The general principle that applies to all soils is that if you add more carbon to the soil, then you build more organic matter (Figure 2). The levels of SOC in any soil are a result of the equilibrium between the inputs of organic matter and the decomposition of this organic matter by soil organisms. The disruption of soil aggregates duringtillage changes the distribution and accessibility of SOC in soil and usually increase rates of decomposition; hence reducing tillage intensity can lead to more stabilisation of SOC.

In general, we see bigger changes where there is a change in land use or major rotational changes, rather than changes in management (e.g. reduced tillage, use of cover crops). But it is important to note that there are some general limitations to the effectiveness of C sequestration in soil or vegetation:

The amount of C locked up is finite:

  • the increase in SOC content ceases as a new equilibrium value is approached. The period of transition is often 25-40 years and is usually slower when SOC is increasing than when it is being lost. This principle is clear from long-term studies, which show that SOC does not accumulate indefinitely (Figure 3).


 

Figure 3. Changes in SOC are slow, finite and reversible. To maintain the new equilibrium level in SOC the changed management must be maintained, even when there are no further increases in SOC

 
  • The process is reversible: the change in land management leading to increased C in soil or vegetation must be continuedindefinitely to maintain the increased stock of SOC. For example, if a new woodland is established, the C accumulated in trees and soil will be lost if the trees are felled. Similarly, if a grass or legume ley is included in an arable cropping system at least part of the SOC accumulated during the ley period is lost after ploughing for the next arable phase. Though there will often be some overall increase in SOC in the long-term compared with continuous arable cropping if the ley- arable rotation is continued (Figure 3).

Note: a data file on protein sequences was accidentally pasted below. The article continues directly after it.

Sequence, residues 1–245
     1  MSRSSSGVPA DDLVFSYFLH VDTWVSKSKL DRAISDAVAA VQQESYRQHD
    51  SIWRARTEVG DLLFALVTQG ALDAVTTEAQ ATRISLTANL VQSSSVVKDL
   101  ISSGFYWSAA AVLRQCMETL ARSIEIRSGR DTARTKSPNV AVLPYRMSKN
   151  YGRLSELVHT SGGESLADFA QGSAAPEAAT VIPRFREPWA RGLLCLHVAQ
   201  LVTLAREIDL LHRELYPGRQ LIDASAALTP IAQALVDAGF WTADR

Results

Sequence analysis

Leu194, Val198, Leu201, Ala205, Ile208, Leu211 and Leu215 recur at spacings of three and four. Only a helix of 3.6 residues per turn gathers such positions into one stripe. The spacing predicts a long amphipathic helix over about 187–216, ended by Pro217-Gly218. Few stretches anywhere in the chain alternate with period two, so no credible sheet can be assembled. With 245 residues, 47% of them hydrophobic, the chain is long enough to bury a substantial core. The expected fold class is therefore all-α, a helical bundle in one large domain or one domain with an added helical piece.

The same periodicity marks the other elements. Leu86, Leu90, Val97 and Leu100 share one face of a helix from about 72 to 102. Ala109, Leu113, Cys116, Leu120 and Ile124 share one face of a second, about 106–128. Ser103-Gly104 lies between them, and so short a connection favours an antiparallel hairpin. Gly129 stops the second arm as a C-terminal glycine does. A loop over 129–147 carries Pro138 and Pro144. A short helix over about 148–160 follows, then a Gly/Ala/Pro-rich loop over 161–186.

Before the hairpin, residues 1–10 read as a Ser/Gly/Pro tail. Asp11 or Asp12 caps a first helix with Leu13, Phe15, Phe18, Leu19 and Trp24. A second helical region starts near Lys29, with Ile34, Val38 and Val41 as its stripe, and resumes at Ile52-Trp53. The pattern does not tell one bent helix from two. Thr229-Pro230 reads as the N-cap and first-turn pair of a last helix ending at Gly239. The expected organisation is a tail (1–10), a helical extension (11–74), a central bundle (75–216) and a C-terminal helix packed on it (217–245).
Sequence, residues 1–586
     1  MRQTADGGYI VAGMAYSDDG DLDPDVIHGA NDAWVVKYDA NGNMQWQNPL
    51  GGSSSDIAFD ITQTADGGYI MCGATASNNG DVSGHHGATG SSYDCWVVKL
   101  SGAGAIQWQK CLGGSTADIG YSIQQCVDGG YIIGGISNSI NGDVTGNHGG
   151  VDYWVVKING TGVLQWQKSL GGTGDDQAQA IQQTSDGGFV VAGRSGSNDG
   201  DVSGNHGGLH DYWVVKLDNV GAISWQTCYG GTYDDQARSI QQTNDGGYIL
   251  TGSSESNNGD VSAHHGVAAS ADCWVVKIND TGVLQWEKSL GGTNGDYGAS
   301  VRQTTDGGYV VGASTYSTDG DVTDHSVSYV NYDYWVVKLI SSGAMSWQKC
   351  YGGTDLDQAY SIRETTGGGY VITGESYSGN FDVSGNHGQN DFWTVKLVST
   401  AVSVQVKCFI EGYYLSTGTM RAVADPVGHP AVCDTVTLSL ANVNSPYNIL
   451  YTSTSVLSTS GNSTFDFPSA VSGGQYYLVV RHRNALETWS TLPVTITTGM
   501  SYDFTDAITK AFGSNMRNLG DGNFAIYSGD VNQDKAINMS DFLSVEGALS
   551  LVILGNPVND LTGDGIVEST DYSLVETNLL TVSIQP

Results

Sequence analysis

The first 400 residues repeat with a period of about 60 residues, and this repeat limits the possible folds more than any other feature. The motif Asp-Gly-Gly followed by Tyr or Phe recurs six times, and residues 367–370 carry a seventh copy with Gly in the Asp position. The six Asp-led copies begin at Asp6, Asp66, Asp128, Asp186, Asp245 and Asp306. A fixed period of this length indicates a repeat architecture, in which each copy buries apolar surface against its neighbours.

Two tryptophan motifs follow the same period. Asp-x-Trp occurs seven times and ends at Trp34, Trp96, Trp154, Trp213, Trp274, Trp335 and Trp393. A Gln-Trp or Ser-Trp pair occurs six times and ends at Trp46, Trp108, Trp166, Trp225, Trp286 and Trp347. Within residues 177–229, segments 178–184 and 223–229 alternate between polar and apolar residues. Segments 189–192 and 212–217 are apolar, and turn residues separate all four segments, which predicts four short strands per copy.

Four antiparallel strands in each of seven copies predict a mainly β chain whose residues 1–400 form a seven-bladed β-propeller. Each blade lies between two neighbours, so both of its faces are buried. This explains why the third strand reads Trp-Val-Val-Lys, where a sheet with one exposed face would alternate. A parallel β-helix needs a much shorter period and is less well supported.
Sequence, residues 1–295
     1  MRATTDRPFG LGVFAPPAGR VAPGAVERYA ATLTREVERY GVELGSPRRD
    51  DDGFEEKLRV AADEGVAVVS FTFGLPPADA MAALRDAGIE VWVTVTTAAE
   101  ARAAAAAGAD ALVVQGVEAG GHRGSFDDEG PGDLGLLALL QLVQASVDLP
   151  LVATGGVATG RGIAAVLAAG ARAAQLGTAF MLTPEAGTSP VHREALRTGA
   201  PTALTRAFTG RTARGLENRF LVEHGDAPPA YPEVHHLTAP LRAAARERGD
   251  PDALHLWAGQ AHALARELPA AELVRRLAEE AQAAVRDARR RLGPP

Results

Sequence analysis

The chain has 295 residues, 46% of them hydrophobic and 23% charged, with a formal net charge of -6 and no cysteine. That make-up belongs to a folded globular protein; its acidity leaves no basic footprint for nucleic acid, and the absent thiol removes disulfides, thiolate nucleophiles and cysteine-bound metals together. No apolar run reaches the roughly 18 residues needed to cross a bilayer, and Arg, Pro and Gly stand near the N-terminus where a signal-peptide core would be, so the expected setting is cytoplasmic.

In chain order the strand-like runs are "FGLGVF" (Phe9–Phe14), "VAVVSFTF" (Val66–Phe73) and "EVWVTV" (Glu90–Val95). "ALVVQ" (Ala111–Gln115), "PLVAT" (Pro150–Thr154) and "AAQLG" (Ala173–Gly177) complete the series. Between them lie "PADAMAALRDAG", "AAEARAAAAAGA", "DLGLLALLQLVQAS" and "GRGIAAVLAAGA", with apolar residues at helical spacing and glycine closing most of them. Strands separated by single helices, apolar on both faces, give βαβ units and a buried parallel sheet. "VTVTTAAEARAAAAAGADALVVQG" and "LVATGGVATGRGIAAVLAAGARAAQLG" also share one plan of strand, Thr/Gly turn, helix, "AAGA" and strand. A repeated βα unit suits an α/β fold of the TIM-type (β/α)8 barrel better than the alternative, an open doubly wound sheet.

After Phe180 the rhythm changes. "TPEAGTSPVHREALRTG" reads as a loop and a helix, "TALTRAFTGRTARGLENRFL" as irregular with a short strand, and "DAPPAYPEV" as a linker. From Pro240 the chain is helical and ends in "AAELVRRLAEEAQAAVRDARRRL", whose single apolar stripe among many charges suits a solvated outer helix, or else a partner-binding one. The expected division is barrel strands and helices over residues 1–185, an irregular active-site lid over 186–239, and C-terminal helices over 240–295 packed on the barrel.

• Land management changes leading to increased soil C may increase or decrease fluxes of the other more potent greenhouse gases: N2O or methane. Hence, it is essential to consider the full GHG budget not just the impacts on SOC.

Together with land use change and direct addition of OM, choice of crops and varieties may also affect the rate at which C accumulates in soil. Rooting structure, depth, patterns of root exudation and the extent of root associations with arbuscular mycorrhizal fungal all influence where SOC is stored in the soil profile and the balance between decomposition and stabilisation. PhD students (Emily Marr and GeorgeCrane) are working jointly with NIAB and the University of Cambridge to investigate some of these below-ground interactions.

Even with these limitations, sequestering additional SOC will contribute to climate change mitigation in the medium-term, depending on the options available for changes in management practices or land use.

Practices leading to SOC accumulation can also start immediately without the need for development of new technologies. Even where there is no net additional transferof C from the atmosphereto soil, and thus no climate change mitigation, increasing or maintaining the SOC is almost always beneficial for soil health and function, especially in agricultural soils.


However, experience has shown that improvement in productivity in arable systems after improved organic matter management takes some time to appear. Defra research has shown measurable benefits of improved organic matter management, in addition to any nutrient supply benefits, but these are often only realised afterat least six years of implementation. Increased SOC has positive impacts on soil physical properties, including increased stable aggregates, decreased risk of run-off, erosion or surface capping, increased rate of water infiltration and increased water retention. It has been shown that even small increases in SOC can have disproportionately large impacts on aggregate stability, infiltration and the energy required for tillage.